Longform

Cowboy Justice

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As early as 1995, Chris Kester, a representative of the guards' union who worked in the SHU, had gone to warden Joel Knowles about the injured inmates he saw when he arrived for his shift. Knowles discounted the stories, though, and Kester's subsequent efforts to go up the ladder -- meetings with top-ranking BOP officials, calls for a congressional investigation -- led nowhere. (According to Schultz, Kester was trying to "bring down" officers who challenged his leadership.)

In fact, the most tangible result of Kester's efforts was the growing rank-and-file hostility toward union reps who failed to support their brother officers. After a shakeup in leadership of the guards' local, the union began taking a more sympathetic position concerning the Cowboys, regarding them as fall guys targeted by ambitious Department of Justice lawyers ("The Cowboy Way," November 23, 2000). The DOJ routinely defends high-ranking prison officials in prisoner lawsuits, union officials noted, while leaving lowly line officers to hire their own attorneys.

Plenty of inmates complained, too, but they fared worse than Kester. After all, inmates always complain, and nobody pays them any mind. Called to the stand to account for his findings that inmates had consistently assaulted staff in the SHU, not the other way around, a disciplinary hearing officer explained that in 12,000 hearings, he'd never taken the word of an inmate over that of a guard without persuasive supporting evidence. But the supporting evidence -- the memos, the photos of officer injuries, the medical reports -- was invariably on the guards' side.

So when the complaints did produce an investigation, either by the BOP's own snoops or by the FBI, it was a perfunctory effort that couldn't pierce the wall of paperwork the Cowboys had erected around their activities. The investigators would talk to the guards and read the documents. Then they'd dismiss what the inmates said as -- well, the kind of thing inmates say. What was real was what was on paper.

If they'd looked closely at the paperwork, they might have detected some problems. They might have noticed, for instance, that the guards seemed to have collaborated on their reports of the Turner incident, right down to the same misspellings in identical accounts of how Turner "began to viscously [sic] stab" Schultz while "fanatically" screaming.

But they had no reason to be suspicious. In a sense, they were unwitting accomplices in the conspiracy themselves, part of the same system, a system that brutalized prisoners and corrections officers alike and never attached much value to either group. All they had to go on were inmate complaints, and everybody knew that inmates were liars.

"These officers relied on the institutional presumption that no one believes an inmate," prosecutor Mydans told the jury. "[The guards] were instantly believed. And they were never challenged by a system that was supposed to investigate inmate complaints."

Eventually, though, they were challenged, as the evidence leaking out of the SHU became too formidable to ignore. In 1997, a Catholic priest went to the warden with some disturbing stories about inmates who claimed to have been abused in the SHU. There were reports of beatings, of prisoners being served food mixed with urine and feces, of deadly enemies being deliberately celled together for the sake of the sporting event that might follow. And there was a loose cannon roaming the BOP by the name of David Armstrong.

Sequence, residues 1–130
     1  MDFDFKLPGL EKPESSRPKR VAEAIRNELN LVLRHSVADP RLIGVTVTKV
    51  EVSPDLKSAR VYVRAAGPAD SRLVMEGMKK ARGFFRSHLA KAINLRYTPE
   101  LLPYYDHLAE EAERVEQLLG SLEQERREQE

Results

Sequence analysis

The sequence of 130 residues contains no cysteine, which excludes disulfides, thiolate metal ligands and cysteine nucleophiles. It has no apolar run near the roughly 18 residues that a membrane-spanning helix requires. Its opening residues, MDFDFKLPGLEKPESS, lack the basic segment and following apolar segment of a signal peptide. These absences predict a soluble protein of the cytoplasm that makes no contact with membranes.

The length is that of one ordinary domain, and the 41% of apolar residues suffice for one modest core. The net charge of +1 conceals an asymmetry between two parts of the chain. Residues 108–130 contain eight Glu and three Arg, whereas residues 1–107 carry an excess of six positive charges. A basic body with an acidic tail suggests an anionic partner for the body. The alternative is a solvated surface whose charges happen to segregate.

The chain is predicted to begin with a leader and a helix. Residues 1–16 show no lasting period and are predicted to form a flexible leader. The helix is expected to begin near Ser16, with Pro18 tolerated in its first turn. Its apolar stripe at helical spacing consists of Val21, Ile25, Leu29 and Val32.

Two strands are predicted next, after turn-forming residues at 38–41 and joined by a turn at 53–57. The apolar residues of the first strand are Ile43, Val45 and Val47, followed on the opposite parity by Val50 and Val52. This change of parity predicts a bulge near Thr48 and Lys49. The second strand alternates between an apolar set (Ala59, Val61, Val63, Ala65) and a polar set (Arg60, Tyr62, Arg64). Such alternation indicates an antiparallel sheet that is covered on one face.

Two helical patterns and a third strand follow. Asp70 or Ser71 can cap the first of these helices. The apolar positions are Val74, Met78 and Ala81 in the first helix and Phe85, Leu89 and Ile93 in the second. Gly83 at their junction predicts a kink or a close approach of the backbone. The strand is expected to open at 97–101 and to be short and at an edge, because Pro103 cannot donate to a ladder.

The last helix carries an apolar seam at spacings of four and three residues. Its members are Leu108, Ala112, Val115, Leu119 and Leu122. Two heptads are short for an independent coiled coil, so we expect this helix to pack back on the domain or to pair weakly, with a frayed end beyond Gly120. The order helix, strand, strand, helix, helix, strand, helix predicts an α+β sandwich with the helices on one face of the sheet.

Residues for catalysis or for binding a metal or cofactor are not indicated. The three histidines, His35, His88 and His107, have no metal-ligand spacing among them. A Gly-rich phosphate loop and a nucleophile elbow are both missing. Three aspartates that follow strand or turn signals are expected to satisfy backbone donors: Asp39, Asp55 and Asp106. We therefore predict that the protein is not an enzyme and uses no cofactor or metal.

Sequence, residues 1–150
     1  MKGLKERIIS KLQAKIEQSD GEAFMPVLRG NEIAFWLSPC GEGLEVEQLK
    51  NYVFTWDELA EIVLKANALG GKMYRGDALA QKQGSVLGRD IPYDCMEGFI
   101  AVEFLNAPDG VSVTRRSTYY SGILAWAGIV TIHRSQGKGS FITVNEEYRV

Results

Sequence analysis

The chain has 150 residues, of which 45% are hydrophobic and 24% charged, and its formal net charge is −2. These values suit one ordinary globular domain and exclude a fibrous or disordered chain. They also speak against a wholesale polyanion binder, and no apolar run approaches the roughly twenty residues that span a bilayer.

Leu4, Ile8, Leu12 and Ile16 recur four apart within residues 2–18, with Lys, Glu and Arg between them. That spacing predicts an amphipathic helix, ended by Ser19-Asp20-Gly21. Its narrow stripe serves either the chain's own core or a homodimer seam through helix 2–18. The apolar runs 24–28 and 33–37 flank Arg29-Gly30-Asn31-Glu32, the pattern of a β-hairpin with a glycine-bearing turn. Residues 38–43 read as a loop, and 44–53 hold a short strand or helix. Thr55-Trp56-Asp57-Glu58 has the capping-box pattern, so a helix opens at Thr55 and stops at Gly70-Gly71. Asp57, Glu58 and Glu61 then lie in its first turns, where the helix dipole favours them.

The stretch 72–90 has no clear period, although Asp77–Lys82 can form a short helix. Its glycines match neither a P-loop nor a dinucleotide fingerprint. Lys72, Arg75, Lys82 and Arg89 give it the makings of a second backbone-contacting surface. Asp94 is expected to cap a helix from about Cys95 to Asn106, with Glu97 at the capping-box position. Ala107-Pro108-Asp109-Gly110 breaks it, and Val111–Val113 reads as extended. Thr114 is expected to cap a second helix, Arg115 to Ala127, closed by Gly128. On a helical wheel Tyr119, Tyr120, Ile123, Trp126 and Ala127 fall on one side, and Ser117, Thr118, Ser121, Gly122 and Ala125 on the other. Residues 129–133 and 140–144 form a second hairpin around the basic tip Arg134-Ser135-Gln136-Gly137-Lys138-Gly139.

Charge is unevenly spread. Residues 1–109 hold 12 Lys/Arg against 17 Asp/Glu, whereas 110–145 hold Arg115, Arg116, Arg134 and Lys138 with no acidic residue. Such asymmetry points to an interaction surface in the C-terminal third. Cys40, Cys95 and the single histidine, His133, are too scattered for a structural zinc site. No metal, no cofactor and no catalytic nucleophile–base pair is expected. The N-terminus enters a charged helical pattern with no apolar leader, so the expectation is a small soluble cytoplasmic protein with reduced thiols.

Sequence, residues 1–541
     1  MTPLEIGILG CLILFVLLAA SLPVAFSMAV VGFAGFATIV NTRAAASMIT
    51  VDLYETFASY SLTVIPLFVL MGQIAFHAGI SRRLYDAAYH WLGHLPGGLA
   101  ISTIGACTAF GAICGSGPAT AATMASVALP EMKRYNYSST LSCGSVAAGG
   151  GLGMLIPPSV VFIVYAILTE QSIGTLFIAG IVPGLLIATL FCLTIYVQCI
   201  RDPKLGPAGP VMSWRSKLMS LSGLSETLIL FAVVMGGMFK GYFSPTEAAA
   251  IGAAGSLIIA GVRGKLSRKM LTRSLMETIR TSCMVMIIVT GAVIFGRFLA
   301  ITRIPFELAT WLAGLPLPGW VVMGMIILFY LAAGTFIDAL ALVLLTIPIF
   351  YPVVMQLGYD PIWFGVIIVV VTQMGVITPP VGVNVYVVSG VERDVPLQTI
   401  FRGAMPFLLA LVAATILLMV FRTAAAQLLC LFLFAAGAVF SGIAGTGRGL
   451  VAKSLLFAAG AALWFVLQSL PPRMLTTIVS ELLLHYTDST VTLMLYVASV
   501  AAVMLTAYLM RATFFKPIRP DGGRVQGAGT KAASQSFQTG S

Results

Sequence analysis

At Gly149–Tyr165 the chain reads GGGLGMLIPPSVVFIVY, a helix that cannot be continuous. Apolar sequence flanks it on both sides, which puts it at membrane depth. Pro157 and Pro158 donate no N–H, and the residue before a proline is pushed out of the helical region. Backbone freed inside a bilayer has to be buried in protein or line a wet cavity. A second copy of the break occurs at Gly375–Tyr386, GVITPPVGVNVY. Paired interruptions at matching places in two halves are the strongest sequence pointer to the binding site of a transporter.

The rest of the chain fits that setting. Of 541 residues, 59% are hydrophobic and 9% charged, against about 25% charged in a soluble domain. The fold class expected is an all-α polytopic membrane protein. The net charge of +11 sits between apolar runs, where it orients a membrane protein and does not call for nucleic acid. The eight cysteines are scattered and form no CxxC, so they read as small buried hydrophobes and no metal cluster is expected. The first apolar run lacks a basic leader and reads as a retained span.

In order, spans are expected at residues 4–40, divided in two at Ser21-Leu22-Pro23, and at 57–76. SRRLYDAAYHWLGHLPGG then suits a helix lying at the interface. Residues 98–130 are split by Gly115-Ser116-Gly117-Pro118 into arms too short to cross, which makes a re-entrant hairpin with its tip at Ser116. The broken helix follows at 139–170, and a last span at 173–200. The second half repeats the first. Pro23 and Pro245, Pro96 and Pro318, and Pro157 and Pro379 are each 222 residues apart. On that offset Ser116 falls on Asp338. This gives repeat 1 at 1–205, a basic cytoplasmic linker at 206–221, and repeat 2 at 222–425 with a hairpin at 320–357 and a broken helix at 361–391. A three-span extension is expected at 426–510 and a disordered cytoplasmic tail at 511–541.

By that point, promotions and transfers out of the SHU had effectively put an end to the Cowboys as a working unit. Armstrong had made lieutenant, his salary raised to a magnificent $38,000 a year, but he couldn't shake his old ways. Assigned to a prison in Pennsylvania, he was soon demoted for rules violations, then transferred to a prison in New Jersey. A few months later, he was suspended for seven days for an altercation with an inmate in a holding cell.

He returned to work in the spring of 1998 and found an FBI agent waiting for him. The agent wanted to ask him a few questions about his dealings with inmate Overstreet at USP Florence two years earlier.

Armstrong had been questioned about the Overstreet beating before. He'd stuck by his memo, denying any misconduct. But the FBI had gone back over his statements and noticed certain discrepancies. He'd been caught in a lie, the kind of lie that could lead to a perjury charge. Over the next few months, Armstrong's story began to buckle and collapse. He admitted to beating Overstreet. Then three or four other inmates. Then a dozen more.

Around the same time, the government's case against inmate Turner for stabbing Schultz was unraveling faster than a pair of Wal-Mart stretch pants. Turner had been fortunate enough to land a court-appointed attorney, Scott Baroway, who actually looked into his wild story about officers stabbing themselves and trying to pin it on him. Baroway sent an investigator into the prison to interview inmates. He obtained forensic reports on the toothbrush used in the stabbing and the blood spatter in the cell and discovered that the evidence didn't match up with Schultz's account of being attacked; for one thing, the blood trail looked like it had been "flicked" onto surfaces rather than dripped from a stab wound ("Fight Club," December 16, 1999).

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Alan Prendergast has been writing for Westword for over thirty years. He teaches journalism at Colorado College; his stories about the justice system, historic crimes, high-security prisons and death by misadventure have won numerous awards and appeared in a wide range of magazines and anthologies.
Contact: Alan Prendergast